Discovering the etiology of complex traits with
in vitro genetics.
Variable drug response.
Population based environmental toxicology.
What We Do
Predictive Biology brings together genetics, stem cell biology, organoids and single cell technologies to characterize the molecular basis of disease phenotypes and drug response.
We use our in vitro genetics platform to elucidate molecular mechanisms of action and to find and validate novel drug targets.
Current Research Programs
Cytotoxic Edema: a genetic screen for genes that modify cell swelling in astrocytes.
Psychiatric Genetics: an eQTL screen across cerebral organoids for mechanistic studies in autism and other psychiatric and neurodevelopmental disorders.
Preclinical studies usually test compound action in a small number of cell lines and animal models. Response in genetically diverse backgrounds is often considered only in clinical studies, where there is limited statistical power and no opportunity to modify the molecule. We believe that drug action across genetic diversity should be evaluated in preclinical studies when the molecule has druglike properties but remains available for chemical modification. At this stage, there is little if any data from in vivo studies.
Impact on Discovery: In vitro genetic screens can be used to identify causal mediators of drug response, and genetically validated targets can double the likelihood of a successful drug discovery program.
Impact on Prioritization: Chemically related preclinical compounds often exhibit different pharmacological properties. A better understanding of the mechanism of action would help prioritize them for clinical studies.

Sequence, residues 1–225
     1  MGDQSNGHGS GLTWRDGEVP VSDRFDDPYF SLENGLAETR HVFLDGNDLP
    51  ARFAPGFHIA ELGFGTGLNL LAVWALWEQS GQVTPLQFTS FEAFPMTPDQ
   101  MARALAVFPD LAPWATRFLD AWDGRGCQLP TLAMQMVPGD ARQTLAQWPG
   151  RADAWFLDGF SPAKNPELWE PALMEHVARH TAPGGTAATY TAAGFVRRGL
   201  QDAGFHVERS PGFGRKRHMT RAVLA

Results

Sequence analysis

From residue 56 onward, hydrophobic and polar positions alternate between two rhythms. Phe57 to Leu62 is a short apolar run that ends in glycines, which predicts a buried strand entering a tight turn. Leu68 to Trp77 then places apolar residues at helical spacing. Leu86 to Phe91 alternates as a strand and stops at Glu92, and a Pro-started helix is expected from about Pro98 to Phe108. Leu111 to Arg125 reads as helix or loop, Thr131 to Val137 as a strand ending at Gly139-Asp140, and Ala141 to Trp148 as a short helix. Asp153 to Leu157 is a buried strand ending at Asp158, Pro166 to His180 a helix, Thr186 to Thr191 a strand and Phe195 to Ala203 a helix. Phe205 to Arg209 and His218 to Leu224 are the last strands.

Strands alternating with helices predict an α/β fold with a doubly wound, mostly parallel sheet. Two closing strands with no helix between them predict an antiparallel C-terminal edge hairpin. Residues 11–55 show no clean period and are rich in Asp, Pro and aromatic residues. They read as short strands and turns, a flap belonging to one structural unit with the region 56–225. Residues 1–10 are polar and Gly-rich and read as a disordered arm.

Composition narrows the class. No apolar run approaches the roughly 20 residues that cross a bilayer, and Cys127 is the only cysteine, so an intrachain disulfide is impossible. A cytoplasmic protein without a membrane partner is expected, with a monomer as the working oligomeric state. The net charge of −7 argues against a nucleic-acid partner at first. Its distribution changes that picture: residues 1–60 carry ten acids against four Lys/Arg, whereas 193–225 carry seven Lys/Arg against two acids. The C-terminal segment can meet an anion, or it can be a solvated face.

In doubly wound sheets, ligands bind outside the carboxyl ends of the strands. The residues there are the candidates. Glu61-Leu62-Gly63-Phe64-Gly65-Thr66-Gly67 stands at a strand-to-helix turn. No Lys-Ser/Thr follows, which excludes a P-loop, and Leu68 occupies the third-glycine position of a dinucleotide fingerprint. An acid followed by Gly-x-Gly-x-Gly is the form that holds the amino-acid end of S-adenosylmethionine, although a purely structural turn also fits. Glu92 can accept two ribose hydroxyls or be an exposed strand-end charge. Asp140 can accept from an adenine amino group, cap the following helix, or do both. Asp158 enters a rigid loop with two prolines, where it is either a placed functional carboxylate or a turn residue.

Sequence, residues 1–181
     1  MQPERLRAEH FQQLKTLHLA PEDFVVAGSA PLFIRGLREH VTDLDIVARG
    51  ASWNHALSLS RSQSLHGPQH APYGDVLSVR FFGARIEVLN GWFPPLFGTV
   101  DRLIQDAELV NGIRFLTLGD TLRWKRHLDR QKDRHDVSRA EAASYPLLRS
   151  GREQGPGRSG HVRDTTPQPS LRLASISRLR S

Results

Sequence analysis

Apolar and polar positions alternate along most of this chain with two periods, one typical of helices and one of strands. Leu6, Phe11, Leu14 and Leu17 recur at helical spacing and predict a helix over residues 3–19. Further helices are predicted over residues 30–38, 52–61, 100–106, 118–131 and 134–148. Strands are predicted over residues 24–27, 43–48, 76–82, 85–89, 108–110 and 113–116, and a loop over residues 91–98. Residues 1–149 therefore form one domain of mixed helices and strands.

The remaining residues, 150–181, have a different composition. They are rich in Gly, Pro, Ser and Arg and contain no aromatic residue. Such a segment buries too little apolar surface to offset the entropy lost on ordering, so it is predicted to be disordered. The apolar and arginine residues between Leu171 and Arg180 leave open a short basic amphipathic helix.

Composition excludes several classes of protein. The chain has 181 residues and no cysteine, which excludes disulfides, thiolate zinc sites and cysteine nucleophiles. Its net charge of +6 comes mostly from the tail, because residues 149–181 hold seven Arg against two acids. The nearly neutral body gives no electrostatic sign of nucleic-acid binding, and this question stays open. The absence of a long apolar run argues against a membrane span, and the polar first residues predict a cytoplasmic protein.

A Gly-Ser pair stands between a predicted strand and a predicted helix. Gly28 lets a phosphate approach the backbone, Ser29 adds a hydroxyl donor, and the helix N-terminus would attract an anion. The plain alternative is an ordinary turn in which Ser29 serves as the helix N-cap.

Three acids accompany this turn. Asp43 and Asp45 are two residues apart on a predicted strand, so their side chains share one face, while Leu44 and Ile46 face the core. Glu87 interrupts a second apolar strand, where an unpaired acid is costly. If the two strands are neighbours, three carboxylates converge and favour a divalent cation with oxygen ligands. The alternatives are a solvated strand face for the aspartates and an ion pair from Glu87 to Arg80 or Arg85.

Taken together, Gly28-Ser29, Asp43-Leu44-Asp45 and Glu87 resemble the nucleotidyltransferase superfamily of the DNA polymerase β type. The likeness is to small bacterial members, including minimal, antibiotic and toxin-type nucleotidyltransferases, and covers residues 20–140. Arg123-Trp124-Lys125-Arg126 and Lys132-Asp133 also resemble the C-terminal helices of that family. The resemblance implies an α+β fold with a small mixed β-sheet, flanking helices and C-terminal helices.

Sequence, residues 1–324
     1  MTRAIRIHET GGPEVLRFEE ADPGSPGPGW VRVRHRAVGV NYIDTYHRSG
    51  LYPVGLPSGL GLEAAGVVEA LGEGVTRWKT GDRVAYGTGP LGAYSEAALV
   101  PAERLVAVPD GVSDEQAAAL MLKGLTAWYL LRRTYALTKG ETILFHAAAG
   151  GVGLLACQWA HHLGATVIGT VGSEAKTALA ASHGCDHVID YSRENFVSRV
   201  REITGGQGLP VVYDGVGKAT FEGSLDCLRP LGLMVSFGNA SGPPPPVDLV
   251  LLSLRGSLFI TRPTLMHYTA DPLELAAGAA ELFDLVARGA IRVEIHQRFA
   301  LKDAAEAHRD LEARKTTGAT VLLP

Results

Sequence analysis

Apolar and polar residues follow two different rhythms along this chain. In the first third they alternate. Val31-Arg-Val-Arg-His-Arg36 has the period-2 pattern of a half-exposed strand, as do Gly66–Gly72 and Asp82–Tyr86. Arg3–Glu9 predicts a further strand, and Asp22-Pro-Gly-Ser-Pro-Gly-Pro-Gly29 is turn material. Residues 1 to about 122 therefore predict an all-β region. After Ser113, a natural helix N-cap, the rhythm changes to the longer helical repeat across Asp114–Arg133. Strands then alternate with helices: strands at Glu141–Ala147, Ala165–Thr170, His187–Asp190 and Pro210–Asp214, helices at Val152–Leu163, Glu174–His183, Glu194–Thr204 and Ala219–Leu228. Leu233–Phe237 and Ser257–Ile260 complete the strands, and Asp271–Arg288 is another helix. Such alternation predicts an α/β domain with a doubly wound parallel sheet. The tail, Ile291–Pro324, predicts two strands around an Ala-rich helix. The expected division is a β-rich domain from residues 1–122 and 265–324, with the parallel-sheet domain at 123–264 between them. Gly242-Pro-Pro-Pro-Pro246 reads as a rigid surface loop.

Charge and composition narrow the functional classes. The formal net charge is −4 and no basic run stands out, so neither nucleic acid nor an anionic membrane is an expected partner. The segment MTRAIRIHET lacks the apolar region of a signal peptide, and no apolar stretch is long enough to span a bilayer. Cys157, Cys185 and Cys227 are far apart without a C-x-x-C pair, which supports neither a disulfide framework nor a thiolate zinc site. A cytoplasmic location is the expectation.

It is widely accepted that genetics plays a major role in susceptibility to toxicants but how genetics shapes toxic response is poorly understood. For environmental health science, finding the genes that modulate susceptibility will drive mechanistic understanding of toxicity, which in turn will drive development of more predictive toxicity assays. For public safety, genetic stratification of susceptibility can aid exposure limit setting by regulatory bodies.
For drug discovery, where safety issues account for half of drug failures in clinical trials, identifying genes and pathways that modulate adverse drug response can lead to better engineered molecules that reduce safety risk. For preventive medicine, identifying those at greater risk from toxicant exposure can improve allocation of limited healthcare resources.
Current toxicology research projects include an SBIR funded project to use cerebral organoids to identify modifiers of developmental neurotoxicants, and an SBIR funded project to develop an improved aneuploidy assay using single cell RNAseq.